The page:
Some Chi­nese net com­pa­nies wary af­ter elec­tion

China Daily (USA) - - TOP NEWS -

Chi­nese in­ter­net com­pa­nies face a new re­al­ity af­ter Don­ald Trump’s sur­prise vic­tory in the US pres­i­den­tial elec­tion — and Alibaba Group Hold­ing Ltd has the most to lose.

On the cam­paign trail, Trump promised to up­end global trade, say­ing that China is “killing us” on trade pol­icy and propos­ing tar­iffs on Chi­nese goods of as much as 45 per­cent.

If im­ple­mented, his ideas could lead to “dev­as­tat­ing” re­sults, from global trade wars to higher costs of liv­ing, and “spell the end of glob­al­iza­tion”, ac­cord­ing to Dar­rell West, a vice-pres­i­dent at the Brook­ings In­sti­tu­tion.

“He was very crit­i­cal of Chi­nese trade agree­ments and has threat­ened to rip them up,” West said. “If he did that, the con­se­quences for Chi­nese com­pa­nies would be enor­mous.”

Of China’s web giants — in­clud­ing Baidu Inc, Alibaba and Ten­cent Hold­ings Ltd — Trump’s trade poli­cies, if im­ple­mented, are likely to pose the big­gest threat to e-com­merce op­er­a­tor Alibaba.

While Baidu and Ten­cent fo­cus on the do­mes­tic Chi­nese mar­ket, Alibaba has a sig­nif­i­cant part of its business tied to trade in the US. Higher tar­iffs on Chi­nese goods would de­press de­mand for its AliEx­press site, where Chi­nese re­tail­ers sell to US con­sumers.

En­su­ing trade dis­putes could hurt sales on its Tmall plat­form, in which US and in­ter­na­tional brands sell to Chi­nese con­sumers.

“Given the di­rect and indi­rect risks, the elec­tion prob­a­bly has the great­est im­pact on Alibaba more than any Chi­nese in­ter­net business,” said Gil Luria, an an­a­lyst at Wed­bush Se­cu­ri­ties Inc. “If there are dis­rup­tions in trade, it would im­pact the will­ing­ness and like­li­hood of US brands and re­tail­ers to take an ac­tive part on Tmall.”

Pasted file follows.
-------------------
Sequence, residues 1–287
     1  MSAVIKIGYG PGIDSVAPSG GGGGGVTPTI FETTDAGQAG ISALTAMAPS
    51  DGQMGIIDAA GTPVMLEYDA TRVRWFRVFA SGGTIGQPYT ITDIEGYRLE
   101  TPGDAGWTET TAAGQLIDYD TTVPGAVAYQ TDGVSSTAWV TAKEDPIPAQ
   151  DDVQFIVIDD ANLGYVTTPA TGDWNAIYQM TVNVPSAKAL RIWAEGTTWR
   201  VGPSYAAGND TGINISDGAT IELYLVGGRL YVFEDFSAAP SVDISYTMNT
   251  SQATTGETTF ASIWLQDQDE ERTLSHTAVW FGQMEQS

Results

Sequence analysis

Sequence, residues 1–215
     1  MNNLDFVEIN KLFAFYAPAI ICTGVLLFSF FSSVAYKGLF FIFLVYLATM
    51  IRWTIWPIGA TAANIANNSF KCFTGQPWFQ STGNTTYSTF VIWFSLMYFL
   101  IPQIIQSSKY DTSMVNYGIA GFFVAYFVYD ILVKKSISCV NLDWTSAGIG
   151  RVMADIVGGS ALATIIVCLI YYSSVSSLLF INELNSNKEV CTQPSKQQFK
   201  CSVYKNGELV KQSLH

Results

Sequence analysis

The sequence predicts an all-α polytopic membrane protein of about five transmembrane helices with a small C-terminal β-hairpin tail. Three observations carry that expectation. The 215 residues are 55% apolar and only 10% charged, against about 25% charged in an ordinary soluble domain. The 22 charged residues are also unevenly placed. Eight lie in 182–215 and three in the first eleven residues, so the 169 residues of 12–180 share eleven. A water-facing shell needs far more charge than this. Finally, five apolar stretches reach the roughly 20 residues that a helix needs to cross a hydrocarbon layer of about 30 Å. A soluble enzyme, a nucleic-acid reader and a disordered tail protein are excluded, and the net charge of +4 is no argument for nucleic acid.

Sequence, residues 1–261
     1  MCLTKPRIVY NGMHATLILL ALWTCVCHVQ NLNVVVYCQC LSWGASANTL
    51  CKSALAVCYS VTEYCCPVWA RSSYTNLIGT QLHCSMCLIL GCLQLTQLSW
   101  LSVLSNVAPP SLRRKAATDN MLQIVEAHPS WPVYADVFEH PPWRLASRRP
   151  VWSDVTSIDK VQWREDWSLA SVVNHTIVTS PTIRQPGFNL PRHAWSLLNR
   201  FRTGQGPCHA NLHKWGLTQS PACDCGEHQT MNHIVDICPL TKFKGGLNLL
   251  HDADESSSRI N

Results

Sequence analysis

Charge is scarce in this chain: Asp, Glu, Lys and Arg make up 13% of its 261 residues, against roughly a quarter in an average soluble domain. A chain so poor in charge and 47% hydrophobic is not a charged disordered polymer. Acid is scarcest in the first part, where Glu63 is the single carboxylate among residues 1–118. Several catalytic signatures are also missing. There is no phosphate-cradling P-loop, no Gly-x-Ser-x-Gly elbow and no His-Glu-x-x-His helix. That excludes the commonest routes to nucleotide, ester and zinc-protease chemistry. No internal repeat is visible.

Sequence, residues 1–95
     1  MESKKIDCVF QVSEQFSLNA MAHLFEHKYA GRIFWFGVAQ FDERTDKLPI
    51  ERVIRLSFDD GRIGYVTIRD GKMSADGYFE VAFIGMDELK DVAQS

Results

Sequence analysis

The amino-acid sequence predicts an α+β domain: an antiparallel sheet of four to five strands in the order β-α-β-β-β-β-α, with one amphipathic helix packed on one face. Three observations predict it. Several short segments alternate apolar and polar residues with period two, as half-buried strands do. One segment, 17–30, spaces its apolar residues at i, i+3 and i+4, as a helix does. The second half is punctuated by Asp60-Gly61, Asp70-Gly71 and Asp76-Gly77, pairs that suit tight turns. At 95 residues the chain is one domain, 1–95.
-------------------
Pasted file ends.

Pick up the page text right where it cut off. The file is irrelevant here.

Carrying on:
Alibaba Vice-Chair­man Joseph Tsai urged the pres­i­den­t­elect to fo­cus on re­la­tions with China, a vast mar­ket for Amer­i­can goods that could cre­ate US jobs as its econ­omy grows.

Tsai, a lieu­tenant to Alibaba co-founder Jack Ma and one of the coun­try’s more prom­i­nent business lead­ers, urged Trump not to adopt an iso­la­tion­al­ist doc­trine, par­tic­u­larly with the world’s No. 2 econ­omy.

“The re­la­tion­ship be­tween China and the US will de­fine our cen­tury,” Tsai told re­porters in Shen­zhen on Thurs­day as the com­pany pre­pared to launch its an­nual 24-hour Sin­gles Day on­line shop-athon.

“If you don’t have Chi­nese con­sumers be­ing en­gaged and buy­ing Amer­i­can prod­ucts, and Chi­nese in­vestors can’t in­vest in the US and cre­ate more Amer­i­can jobs, then you’d be in trou­ble.”

Alibaba’s man­age­ment has said that its pri­mary short­term fo­cus isn’t con­sumers in the US, and that it is try­ing to gain share in devel­op­ing mar­kets first. Trump’s pres­i­dency will prob­a­bly so­lid­ify Alibaba’s de­ci­sion

Yet Trump’s poli­cies could up­set Alibaba’s plan to act as the gate­way for in­ter­na­tional re­tail­ers to reach Chi­nese con­sumers. If new poli­cies caused China to re­tal­i­ate and raise tar­iffs on US goods, that could hurt Alibaba’s Tmall sales in China, Luria said.

“A pos­i­tive re­la­tion­ship be­tween the US and China is im­por­tant for the world,” an Alibaba rep­re­sen­ta­tive said in a state­ment.

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